What would Emily Brontë have made of
This success due in part to April de Angelis’s script, liberally sprinkled with a humour that, given the somberness of the novel, is surprising and makes for an entertaining evening (though perhaps purists attached to the book may find it hard to adjust to!). Some humour is aimed knowingly at the audience – there is a sly reference to 'frittering your life away on silly trifles – like trips to the theatre' and a character’s desire to 'take a fifteen minute sojourn' announces to the audience that it’s interval time.
The production largely eschews props of any kind – an interesting choice that focuses attention more closely on the story at hand. Instead, the actors mime – even the taking of tea – while well-timed sound effects accompanying the mimed closing of doors. Punctuating the story are bursts of folk music, composed by former Bellowhead drummer Pete Flood. These haunting musical highlights are performed by the talented cast on a variety of instruments (including guitars and a flute), and do much to create the atmosphere of the moors.
So strong is the cast of eight (some of whom play multiple roles) that it is impossible to single anyone out for special mention. James Sheldon is Mr. Lockwood, Heathcliff’s tenant, a dashing gentleman with the inflated belief he is irresistible to the ladies. Sheldon’s role is largely to provide comedic relief and receive the story, but he also has the unenviable job of opening the play – it falls to him to ably set the scene and convince us of the darkness, the snow and the sheer wuthering bleakness. Helen Belbin is Nelly Dean, the servant who recounts the tale to Lockwood, and it is her capable performance that anchors the story - an especially important role, as much in the plot is recounted by her rather than shown.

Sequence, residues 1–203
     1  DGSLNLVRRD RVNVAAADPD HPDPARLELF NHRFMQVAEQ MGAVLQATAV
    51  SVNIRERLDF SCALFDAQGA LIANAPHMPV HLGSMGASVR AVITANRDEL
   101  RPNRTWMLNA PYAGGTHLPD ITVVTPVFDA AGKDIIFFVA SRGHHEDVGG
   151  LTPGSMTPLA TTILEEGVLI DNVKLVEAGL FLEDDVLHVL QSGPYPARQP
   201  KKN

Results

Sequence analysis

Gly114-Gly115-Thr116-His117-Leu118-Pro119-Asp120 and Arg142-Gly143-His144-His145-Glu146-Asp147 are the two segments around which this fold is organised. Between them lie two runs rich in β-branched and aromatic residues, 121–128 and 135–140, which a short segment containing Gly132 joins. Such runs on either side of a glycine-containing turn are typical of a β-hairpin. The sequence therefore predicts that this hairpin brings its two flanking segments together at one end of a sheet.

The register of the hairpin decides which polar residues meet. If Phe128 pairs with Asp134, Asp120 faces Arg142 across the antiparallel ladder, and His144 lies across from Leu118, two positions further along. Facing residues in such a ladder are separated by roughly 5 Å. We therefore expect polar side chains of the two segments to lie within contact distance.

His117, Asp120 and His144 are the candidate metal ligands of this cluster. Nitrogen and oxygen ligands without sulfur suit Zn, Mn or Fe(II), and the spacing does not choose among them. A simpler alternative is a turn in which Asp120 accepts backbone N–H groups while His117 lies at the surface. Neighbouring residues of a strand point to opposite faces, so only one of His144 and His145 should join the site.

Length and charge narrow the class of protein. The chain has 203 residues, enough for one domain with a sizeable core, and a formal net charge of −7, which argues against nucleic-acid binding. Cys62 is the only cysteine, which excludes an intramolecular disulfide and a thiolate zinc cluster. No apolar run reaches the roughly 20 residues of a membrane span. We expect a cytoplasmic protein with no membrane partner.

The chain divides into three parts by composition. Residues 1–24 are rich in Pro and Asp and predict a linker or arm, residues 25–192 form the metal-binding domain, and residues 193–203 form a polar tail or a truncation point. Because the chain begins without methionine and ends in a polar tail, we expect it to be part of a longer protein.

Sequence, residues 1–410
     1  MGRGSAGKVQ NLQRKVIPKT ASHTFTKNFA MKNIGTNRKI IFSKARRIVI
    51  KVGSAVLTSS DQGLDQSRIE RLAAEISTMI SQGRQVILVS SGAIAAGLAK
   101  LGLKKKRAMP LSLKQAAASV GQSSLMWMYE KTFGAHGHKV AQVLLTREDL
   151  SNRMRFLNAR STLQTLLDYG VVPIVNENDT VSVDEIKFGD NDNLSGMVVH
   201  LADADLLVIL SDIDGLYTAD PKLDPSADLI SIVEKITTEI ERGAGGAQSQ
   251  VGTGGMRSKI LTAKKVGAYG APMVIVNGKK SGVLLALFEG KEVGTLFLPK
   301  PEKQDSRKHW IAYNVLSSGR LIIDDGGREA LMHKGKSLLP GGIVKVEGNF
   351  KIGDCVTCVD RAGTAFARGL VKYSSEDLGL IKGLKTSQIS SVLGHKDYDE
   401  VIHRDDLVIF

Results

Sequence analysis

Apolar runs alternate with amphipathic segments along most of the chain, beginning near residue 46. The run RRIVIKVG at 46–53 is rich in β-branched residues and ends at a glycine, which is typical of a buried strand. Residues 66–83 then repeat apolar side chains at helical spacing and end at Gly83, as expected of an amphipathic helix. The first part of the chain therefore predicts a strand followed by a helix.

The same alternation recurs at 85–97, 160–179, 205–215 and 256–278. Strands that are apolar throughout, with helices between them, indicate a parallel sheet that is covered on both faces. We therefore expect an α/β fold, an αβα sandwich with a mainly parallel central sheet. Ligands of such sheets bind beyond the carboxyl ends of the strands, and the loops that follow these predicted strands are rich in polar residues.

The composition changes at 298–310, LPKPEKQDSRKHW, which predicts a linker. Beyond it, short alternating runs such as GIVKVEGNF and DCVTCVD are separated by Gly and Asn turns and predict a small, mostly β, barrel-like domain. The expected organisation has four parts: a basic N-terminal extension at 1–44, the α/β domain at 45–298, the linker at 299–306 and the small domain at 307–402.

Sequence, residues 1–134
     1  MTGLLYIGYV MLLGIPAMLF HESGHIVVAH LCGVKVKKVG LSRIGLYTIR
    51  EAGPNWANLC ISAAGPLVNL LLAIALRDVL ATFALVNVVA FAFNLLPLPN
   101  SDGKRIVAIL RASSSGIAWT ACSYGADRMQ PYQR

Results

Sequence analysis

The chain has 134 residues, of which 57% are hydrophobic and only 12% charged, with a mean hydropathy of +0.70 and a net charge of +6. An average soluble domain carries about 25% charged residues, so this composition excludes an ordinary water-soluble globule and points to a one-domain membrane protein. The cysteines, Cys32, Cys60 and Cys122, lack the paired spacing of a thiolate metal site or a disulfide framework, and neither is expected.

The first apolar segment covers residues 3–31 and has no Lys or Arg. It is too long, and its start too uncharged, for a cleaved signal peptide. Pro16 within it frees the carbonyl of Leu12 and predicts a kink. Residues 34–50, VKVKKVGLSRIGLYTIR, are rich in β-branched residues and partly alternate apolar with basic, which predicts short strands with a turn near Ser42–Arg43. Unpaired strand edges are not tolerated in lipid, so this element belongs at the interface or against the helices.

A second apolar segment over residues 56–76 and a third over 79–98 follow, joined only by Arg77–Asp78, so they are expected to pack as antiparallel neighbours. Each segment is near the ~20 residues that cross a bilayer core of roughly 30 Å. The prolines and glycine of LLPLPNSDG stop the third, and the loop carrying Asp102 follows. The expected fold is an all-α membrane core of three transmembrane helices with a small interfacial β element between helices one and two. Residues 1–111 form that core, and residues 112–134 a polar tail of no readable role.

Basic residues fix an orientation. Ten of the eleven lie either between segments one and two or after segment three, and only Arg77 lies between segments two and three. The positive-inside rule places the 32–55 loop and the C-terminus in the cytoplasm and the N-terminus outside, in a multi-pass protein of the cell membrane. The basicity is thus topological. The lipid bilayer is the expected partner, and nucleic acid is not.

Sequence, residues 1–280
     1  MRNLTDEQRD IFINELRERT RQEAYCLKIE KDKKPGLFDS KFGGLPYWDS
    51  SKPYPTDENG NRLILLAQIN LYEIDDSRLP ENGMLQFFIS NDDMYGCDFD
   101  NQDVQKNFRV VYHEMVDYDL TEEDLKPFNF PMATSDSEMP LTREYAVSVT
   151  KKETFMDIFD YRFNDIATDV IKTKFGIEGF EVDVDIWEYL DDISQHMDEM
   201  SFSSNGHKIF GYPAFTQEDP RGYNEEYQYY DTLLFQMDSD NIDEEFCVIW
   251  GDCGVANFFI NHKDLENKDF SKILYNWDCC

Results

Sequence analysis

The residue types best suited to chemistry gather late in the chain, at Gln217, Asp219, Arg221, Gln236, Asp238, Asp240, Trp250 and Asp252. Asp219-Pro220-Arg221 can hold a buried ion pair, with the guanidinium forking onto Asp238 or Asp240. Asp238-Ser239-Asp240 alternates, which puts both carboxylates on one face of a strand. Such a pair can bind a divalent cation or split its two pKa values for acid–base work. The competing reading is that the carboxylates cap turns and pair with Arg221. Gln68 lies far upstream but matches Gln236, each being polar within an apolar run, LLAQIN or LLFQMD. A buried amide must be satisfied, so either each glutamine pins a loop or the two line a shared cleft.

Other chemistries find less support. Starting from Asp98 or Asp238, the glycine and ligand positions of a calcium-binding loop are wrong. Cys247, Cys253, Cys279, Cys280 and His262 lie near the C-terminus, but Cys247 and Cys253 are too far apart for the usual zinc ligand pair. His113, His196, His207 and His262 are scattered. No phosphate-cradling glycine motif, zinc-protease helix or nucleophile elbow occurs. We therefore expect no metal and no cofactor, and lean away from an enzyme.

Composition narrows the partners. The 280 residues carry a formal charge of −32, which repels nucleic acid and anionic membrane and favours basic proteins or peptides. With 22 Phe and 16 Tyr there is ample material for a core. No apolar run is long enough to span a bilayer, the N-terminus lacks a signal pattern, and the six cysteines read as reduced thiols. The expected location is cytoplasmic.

Dominic Charman is a suitably loathsome fop Edgar Linton (and also the young Linton). Rachel Winters ably portrays Edgar’s similarly-spineless sister Isabella, who nevertheless manages to capture our sympathy as, having attained Heathcliff as a husband, she starts to realise his true nature. Christopher Laishley is the wonderfully savage servant Joseph, complete with broad
Special mention too must go to Ronin Traynor’s fight choreography – and its execution by the cast. It can be challenging to simulate convincing fisticuffs to an audience a few feet away, but the violent interludes are wincingly realistic. The costumes by Adrian Lillie are also excellent.